As the wise sage Shrek once taught us, “Onions have layers”—a phrase Daniel Craig’s Detective Benoit Blanc repeatedly evokes in Rian Johnson’s rollicking sequel to the 2019 smash-hit Knives Out. And there are indeed layers to the homicide case in Glass Onion: A Knives Out Mystery. It’s one that’s called an unorthodox medley of so-called “disruptors” to the private Greek island of billionaire Miles Bron (Edward Norton), who hopes to delight them with Jared Leto’s new hard kombucha line—oh, and a murder mystery dinner. This time around, the layers are as easy to peel away as paper.
Among this VIP crew are Lionel (Leslie Odom Jr.), a scientist forever doomed to manage Miles’ whims; Claire (Kathryn Hahn), the high-strung governor of Connecticut; the supermodel-turned-entrepreneur Birdie (Kate Hudson), famous for “accidentally” tweeting racial epithets; Duke (Dave Bautista), a gamer whose Twitch streams have taken a turn for the alt-right; Duke’s girlfriend, Whiskey (Madelyn Cline), not nearly as vapid as she seems; Peg (Jessica Henwick), Birdie’s beleaguered assistant; and Andi (Janelle Monáe), Miles’ former business partner, cast out due to a suspicious lawsuit. The premise that prompts them to converge in Greece is not particularly complicated: Miles has sent out one of his annual puzzle-box-turned-invitations, and one has somehow fallen into the hands of Benoit Blanc, the world’s most famous detective (unless you count Batman).
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Once on the island, Benoit’s spidey sense begins to tingle thanks to the resentments shared between the friends, who met years ago at a bar known as The Glass Onion. Now, the ties holding them together are more political than affectionate. Miles has pulled strings for them and funded their escapades, a fact he’s all too happy to leverage as they party in his own Glass Onion, an enormous crystal ball-like enclosure at the top of his extravagant island fortress. There, Benoit solves Miles’ Gillian Flynn-authored murder case in a few minutes, ruining the billionaire’s plans for a weekend spent in deep detective work.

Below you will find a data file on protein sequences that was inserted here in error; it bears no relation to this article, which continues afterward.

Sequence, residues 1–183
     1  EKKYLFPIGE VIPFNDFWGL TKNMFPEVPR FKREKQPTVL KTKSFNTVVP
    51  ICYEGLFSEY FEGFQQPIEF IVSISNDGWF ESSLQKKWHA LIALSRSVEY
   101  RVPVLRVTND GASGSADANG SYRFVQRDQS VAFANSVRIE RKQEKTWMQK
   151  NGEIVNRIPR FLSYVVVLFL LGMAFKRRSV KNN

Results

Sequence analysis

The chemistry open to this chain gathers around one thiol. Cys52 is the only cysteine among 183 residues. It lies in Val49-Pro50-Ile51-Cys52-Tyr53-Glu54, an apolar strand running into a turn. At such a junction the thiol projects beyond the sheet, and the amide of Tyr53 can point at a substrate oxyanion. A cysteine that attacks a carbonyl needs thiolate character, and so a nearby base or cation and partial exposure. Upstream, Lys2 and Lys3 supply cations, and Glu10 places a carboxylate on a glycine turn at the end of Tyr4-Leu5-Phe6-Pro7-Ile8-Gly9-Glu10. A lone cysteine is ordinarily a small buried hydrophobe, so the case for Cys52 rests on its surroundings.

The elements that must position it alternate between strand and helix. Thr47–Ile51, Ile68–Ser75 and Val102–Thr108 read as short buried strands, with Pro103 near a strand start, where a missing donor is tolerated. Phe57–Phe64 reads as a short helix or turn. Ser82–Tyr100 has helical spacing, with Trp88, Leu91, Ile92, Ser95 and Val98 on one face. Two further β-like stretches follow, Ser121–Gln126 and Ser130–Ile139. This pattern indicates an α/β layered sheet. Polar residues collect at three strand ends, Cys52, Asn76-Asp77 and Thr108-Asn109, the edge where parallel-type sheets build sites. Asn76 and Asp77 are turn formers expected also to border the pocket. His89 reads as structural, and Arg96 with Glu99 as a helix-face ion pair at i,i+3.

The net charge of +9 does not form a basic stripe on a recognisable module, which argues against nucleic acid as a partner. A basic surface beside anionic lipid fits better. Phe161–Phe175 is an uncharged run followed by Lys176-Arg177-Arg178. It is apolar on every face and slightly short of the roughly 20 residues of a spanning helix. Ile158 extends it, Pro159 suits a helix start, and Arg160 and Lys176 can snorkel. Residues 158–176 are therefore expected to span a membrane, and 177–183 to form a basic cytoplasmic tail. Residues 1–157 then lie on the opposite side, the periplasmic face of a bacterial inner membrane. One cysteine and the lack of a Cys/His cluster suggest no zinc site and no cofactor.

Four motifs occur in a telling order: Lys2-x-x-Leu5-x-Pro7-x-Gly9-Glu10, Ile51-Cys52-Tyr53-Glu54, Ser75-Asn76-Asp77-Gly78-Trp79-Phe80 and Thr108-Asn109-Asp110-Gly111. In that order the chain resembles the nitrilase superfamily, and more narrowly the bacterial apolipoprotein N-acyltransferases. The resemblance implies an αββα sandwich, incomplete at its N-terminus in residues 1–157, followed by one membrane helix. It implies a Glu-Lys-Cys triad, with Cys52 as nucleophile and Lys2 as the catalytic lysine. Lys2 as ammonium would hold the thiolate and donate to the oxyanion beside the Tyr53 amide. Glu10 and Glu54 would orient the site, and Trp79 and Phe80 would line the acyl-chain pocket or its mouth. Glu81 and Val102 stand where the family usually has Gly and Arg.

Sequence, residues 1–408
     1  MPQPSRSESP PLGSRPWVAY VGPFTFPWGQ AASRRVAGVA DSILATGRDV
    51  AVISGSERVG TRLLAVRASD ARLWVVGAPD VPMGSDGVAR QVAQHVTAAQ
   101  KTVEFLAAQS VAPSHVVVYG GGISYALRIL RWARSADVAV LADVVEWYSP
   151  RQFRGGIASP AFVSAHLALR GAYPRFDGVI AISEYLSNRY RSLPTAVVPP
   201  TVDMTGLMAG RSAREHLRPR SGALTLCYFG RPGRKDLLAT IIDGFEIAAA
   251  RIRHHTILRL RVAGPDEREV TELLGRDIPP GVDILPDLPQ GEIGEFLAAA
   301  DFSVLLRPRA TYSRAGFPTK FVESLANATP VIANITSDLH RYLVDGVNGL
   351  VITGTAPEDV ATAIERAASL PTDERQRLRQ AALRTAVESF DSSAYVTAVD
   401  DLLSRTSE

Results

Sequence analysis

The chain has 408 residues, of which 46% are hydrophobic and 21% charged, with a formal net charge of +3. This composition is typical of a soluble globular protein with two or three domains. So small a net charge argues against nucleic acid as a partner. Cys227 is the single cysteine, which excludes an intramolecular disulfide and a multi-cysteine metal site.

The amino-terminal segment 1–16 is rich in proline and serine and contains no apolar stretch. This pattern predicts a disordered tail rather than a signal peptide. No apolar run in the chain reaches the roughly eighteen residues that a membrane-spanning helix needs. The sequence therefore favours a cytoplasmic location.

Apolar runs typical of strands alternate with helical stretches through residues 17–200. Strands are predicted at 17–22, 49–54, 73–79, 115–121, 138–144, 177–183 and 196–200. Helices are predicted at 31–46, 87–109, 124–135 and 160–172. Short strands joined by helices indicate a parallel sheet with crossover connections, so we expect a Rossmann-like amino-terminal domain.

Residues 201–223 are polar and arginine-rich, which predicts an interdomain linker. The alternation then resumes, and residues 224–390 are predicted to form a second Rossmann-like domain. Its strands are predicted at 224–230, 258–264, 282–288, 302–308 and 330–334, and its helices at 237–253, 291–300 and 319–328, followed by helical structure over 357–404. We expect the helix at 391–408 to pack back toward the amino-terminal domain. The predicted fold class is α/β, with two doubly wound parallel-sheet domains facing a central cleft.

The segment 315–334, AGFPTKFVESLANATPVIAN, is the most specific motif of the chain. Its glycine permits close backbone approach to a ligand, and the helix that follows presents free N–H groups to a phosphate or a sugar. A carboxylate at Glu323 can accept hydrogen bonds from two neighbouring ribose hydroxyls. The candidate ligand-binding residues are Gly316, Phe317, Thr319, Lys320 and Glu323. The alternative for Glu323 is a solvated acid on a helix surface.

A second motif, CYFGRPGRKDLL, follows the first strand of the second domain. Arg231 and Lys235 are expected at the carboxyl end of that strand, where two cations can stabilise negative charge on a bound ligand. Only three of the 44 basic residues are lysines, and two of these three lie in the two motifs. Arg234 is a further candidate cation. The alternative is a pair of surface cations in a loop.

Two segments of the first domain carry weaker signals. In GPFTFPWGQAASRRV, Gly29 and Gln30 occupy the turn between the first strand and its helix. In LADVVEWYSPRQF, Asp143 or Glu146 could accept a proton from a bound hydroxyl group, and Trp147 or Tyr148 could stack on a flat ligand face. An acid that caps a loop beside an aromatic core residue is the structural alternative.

Thankfully, there’s another case for Benoit to crack, and this one has real-life stakes. After checking the Google Alerts on his phone during the party, Duke inadvertently takes a sip of Miles’ cocktail and collapses on the ground, dying moments later. The unexpected loss sends the party into hysterics, with Benoit suspecting foul play as the lights of the compound go out—a melodramatic flair Miles had originally concocted to coincide with the dinner. In the scramble of suspicions, the group pulls apart, and Benoit confronts Andi, the one with perhaps the plainest reason for trying to poison Miles: She’s bitter about being ousted from the tech company they founded together, the inconspicuously named Alpha. As the detective tries to assure Andi that everything will be made clear soon enough, a bullet zips through the shadows and strikes her through the chest.
It’s the kind of electric moment that makes or breaks a good mystery, made all the more delightful when we discover it’s a farce. A few clever flashbacks reveal that “Andi” is not Andi at all, but her identical twin sister, Helen. (In a lesser film and with a lesser actress, this tired trope would be irksome, but Monáe pulls it off with a wink.) We learn that the real Andi died of an apparent suicide, but since identifying her body, Helen hasn’t told the press—or the police—that she suspects someone killed her sister. Instead, she hires Benoit Blanc to uncover the culprit, though to do that the world’s greatest detective will need Helen to get her best improv act together. Dyeing her hair and slipping into Andi’s clothes, Helen accepts Miles’ invitation on Andi’s behalf and shows up in Greece using her twin’s affluent lilt.
Further flashbacks unfurl new layers: Everyone had a motive to want to kill Andi—and, by extension, Helen. We learn that Andi was ousted from Alpha after she refused to cooperate with Miles’ new plan to launch Klear, a hydrogen-based fuel he promises will transform the energy industry. Never mind that it’s absurdly dangerous; he, like his friends, is a disruptor. To force Andi out, Miles claims that the idea for Alpha was solely his, the plans for which he drafted on a napkin in The Glass Onion bar. One by one, Andi’s former friends adopt this lie as truth, swearing on the witness stand that they watched him sketch Alpha into being. Infuriated, Andi continues to search her home for the real napkin, the one she drew up in her own handwriting. Upon discovering it folded between the pages of a book, she emails a photograph of the evidence to her one-time Cheers squad. She knows it’s enough to ruin them all.